Between the Aramid fiber ("Kevlar") type puncture shields and thicker rubber shields, subjectively I'd say the Aramid fiber shields feel less slxuggish. I have a couple of Continental Sport Contact II tires in 700x32 that I hoped would be a suitable replacement for the 700x42 SpeedRides I'd been using, but which were too wide for my old SKS Bluemel fenders. The two tires weighed about the same and the skinnier Sport Contact II had less aggressive tread so I figured it would roll a bit nicer. Nope. The thicker tread and rubber puncture shield felt really sluggish. After a couple of months I took off the Sport Contact II, fenders and went back to the SpeedRides.

But the Rolling Resistance site tests indicate the Conti Sport Contact II and Schwalbe Marathon Green Guard perform similarly, so I'd just buy whichever is less expensive. I got the Conti Sport Contact II pair for about $20 from Nashbar when it was closing shop a couple of years ago, so they were a very good value. I'll still find a use for them some day.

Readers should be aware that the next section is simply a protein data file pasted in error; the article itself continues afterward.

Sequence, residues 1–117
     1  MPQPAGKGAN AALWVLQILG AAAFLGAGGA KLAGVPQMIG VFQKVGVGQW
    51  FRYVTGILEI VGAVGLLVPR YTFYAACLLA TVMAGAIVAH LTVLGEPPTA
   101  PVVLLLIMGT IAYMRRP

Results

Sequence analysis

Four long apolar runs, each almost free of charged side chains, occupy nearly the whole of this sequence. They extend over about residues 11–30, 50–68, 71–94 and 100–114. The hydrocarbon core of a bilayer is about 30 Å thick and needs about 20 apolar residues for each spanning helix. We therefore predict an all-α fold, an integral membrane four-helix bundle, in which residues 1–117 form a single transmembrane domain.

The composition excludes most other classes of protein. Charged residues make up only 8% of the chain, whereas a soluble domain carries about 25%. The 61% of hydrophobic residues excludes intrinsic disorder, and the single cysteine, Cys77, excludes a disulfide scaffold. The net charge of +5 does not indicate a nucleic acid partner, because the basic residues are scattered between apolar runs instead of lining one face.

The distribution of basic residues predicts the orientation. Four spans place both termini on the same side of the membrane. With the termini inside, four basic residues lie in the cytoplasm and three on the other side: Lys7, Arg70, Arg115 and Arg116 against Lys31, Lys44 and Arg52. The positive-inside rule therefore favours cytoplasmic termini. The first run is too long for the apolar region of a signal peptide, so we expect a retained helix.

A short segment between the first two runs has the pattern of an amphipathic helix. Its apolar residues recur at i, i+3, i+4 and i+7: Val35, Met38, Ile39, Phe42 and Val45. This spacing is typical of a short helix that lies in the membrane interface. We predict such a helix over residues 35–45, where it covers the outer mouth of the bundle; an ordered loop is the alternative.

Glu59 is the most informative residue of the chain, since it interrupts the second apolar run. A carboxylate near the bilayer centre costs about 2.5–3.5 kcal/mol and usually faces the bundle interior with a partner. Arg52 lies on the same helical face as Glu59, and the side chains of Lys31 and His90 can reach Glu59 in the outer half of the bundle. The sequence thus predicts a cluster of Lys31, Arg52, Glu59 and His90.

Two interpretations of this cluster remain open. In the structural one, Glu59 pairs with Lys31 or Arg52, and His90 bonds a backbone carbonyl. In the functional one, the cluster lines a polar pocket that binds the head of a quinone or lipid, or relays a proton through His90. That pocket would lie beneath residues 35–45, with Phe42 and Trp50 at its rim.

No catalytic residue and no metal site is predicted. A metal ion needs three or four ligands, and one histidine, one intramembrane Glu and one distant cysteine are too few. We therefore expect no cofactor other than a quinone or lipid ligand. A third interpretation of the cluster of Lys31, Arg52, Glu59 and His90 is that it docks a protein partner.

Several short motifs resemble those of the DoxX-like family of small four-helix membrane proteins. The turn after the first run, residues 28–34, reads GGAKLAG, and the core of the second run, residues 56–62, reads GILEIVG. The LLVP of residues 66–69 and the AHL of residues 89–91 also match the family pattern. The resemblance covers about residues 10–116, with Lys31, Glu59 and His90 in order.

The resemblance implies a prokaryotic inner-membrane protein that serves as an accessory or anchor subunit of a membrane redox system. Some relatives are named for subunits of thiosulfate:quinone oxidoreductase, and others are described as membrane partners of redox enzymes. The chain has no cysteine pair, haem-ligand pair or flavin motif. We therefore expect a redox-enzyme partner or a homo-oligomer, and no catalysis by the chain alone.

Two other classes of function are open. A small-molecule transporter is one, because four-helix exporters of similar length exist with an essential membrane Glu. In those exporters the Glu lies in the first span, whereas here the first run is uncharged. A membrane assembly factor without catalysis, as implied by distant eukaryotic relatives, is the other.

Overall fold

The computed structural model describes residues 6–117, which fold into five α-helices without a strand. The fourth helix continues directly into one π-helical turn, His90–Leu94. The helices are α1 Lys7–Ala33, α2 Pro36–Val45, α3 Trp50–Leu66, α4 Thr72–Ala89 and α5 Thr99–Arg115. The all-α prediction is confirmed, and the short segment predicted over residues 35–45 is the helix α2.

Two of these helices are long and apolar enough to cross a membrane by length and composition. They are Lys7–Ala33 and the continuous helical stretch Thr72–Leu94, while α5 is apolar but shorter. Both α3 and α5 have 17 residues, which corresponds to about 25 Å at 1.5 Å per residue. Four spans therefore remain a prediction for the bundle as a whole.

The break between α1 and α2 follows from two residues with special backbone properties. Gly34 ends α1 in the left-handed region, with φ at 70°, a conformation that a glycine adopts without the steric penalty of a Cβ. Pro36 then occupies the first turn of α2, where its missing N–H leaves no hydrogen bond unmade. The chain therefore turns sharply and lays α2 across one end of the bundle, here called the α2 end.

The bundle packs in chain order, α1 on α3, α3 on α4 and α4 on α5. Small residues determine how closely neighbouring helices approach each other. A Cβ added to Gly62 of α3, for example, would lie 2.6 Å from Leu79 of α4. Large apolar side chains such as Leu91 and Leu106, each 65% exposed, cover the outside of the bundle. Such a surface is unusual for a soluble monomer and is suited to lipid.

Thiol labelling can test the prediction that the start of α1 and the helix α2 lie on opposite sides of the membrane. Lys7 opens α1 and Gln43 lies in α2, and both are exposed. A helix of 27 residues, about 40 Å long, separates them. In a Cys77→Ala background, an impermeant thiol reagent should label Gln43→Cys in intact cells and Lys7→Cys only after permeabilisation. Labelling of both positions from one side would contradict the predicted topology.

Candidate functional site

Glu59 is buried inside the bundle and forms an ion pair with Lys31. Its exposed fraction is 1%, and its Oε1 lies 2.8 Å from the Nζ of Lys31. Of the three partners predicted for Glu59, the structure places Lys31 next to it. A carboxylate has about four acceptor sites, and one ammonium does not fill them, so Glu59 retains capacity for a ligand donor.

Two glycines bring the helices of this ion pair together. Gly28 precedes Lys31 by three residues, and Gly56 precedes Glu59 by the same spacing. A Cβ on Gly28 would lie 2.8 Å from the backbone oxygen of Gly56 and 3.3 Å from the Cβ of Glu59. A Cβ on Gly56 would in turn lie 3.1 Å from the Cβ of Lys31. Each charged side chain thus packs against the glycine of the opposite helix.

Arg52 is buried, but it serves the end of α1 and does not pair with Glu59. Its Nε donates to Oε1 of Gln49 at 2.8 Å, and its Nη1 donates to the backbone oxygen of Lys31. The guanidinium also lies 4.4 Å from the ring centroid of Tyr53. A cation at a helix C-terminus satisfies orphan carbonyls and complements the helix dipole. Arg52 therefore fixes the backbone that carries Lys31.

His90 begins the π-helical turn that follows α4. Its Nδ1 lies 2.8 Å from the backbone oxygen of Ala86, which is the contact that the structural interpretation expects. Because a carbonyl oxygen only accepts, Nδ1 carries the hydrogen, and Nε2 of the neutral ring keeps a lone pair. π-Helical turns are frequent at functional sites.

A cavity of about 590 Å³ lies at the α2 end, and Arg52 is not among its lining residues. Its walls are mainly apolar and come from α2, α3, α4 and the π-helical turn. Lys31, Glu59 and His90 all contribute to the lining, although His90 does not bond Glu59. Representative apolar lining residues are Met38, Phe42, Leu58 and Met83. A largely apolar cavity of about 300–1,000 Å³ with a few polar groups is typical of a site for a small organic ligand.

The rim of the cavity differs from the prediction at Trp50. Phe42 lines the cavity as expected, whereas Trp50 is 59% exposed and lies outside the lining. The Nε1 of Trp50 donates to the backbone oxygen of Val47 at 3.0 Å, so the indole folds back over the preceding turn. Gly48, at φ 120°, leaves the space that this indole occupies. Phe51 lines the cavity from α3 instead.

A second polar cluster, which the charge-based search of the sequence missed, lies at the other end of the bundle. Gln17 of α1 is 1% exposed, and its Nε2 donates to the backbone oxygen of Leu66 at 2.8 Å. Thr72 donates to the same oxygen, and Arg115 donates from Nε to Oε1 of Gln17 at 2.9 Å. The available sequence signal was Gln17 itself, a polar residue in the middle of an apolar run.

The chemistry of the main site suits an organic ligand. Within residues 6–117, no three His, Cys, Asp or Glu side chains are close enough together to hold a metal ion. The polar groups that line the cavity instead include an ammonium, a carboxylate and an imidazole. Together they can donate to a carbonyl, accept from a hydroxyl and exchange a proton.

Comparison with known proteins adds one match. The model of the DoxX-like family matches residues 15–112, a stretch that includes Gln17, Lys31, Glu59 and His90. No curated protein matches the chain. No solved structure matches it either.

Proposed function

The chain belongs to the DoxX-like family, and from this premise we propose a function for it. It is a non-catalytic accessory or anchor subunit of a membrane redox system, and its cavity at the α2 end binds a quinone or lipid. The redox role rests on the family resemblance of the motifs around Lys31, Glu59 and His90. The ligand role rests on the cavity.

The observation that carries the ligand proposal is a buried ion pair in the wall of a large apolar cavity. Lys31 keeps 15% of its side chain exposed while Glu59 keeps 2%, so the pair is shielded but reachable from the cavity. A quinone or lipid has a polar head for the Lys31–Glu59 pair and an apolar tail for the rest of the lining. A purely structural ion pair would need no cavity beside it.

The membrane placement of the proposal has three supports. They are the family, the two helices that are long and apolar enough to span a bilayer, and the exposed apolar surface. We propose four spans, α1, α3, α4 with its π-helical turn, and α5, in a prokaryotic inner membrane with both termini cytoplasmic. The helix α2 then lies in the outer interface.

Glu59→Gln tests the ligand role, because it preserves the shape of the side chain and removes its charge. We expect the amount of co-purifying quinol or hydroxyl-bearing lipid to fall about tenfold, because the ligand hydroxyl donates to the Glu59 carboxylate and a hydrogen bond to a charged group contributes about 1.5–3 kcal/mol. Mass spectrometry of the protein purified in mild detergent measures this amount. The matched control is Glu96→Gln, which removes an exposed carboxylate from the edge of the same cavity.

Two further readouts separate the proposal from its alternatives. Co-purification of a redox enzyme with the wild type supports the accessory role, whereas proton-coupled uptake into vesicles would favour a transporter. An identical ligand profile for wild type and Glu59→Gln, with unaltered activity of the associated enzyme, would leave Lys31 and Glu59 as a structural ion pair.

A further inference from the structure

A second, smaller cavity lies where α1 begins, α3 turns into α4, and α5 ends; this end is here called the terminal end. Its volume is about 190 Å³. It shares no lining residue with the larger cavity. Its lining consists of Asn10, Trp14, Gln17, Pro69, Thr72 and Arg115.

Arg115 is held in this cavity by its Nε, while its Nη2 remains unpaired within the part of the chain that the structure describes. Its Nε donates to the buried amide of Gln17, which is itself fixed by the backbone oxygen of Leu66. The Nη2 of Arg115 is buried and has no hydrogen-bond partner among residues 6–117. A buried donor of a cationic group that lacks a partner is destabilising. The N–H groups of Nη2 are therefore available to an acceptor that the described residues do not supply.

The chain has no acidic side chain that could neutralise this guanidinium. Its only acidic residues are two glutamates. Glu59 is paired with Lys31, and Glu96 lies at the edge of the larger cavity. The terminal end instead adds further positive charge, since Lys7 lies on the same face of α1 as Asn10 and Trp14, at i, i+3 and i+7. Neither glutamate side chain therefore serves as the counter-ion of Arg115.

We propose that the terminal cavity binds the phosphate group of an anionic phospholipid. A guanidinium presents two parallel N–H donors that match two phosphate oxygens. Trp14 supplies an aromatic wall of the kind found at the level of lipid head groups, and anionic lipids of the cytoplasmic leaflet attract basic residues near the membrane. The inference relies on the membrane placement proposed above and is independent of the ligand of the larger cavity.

Yeah, I found that out when I looked into them. The way you described them, using the Aramid band to keep them slim, I thought they were road tires but they start at 32mm and a 32mm Cross Max weighs twice as much as a 28mm Gator. I have two Bontregers from the COOP, a 23mm with "triple flat protection" and the other one a 28mm with an Aramid Band, any good?
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Old 02-26-20, 05:33 PM
  #46  
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Originally Posted by mjac View Post
Yeah, I found that out when I looked into them. The way you described them, using the Aramid band to keep them slim, I thought they were road tires but they start at 32mm and a 32mm Cross Max weighs twice as much as a 28mm Gator. I have two Bontregers from the COOP, a 23mm with "triple flat protection" and the other one a 28mm with an Aramid Band, any good?
Any skinny (28c or less) road tire with even the thinnest puncture shield will help. Specialized tires with their puncture shields (like the Armadillo) are a reasonable compromise between low rolling resistance and puncture resistance.